Moon God and part of the Theban triad as the son of Amun and Mut
Khonsu is depicted as a youth wrapped in mummy-bandages. He holds a crook, flail and waas sceptre although in some instances he can be seen holding the djed pillar (the backbone of Osiris). He wears a menat necklace and has the side lock of youth plus a crescent of the full moon. His cult centre and principal place of worship was at Thebes where he had a temple within the precincts of the Temple of Amun at Karnak. Khonsu as a sky deity can also have the head of a hawk
It was thought that his name was derived from the words for placenta (kh) and king (nsw) and that he was the personification of the royal placenta, which was preserved after the birth of the king, wrapped in a cloth and fixed to the top of a pole, to become one of the four standards which were carried at the head of the royal procession. However, another train of thought is that his name comes from the verb “to cross over” giving the meaning “He who traverses [the sky]” – more appropriate for a moon god.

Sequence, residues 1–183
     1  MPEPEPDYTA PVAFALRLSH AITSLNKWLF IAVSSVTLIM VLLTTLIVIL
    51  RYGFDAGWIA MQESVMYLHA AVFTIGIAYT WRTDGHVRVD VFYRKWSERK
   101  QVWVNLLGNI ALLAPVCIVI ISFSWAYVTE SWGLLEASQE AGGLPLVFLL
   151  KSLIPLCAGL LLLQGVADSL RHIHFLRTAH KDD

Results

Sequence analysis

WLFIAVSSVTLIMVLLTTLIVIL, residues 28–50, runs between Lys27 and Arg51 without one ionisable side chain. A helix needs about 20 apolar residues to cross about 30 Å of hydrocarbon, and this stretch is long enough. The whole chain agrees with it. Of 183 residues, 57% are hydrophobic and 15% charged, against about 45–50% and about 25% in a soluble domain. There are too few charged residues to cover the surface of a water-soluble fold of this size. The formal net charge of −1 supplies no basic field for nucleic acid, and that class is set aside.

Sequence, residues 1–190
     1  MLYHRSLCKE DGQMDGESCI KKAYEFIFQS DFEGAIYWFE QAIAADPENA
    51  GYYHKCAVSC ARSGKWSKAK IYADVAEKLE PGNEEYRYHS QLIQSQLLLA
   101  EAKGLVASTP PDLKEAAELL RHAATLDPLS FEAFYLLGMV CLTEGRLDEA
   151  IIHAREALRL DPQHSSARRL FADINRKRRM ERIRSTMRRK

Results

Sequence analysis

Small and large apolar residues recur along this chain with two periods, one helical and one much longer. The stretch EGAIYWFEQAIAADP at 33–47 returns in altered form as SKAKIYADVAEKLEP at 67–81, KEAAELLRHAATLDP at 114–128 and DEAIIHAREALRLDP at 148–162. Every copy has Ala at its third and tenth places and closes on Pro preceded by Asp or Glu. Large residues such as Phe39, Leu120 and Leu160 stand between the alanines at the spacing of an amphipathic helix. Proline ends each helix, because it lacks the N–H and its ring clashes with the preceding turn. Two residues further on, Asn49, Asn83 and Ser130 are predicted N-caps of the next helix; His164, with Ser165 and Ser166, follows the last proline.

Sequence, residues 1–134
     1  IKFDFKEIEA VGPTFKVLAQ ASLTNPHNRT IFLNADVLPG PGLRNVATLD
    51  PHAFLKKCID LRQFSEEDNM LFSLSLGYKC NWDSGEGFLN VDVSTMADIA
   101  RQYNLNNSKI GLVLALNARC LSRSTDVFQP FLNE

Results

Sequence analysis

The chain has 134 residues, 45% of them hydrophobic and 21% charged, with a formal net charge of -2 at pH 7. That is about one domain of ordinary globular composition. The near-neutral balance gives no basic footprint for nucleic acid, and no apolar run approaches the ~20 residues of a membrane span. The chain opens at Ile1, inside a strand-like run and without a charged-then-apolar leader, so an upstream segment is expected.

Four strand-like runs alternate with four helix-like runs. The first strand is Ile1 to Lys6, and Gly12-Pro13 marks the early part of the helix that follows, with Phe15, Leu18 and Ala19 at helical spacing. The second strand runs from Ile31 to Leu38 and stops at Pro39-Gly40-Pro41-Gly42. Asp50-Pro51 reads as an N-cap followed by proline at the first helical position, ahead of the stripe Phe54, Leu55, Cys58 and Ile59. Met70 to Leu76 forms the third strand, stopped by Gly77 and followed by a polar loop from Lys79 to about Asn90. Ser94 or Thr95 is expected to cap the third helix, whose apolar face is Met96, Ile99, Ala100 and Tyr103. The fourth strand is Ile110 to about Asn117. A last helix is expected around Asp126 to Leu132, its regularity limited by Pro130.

The nature of Khonsu in the Pyramid Age is quite different from his character at Thebes in the New Kingdom. In the spell which aims to give the king power to hunt and eat certain deities, thereby absorbing their strength, Khonsu is seen as a bloodthirsty god who helps to catch and slay the victims.
Khonsu assisted Thoth to calculate time and he was also a healing god, the latter recorded on a stele found in his temple at Thebes purporting to have been erected in the reign of Ramses II but probably set up during either the Persian of Ptolemaic period in attempt to recall past glories.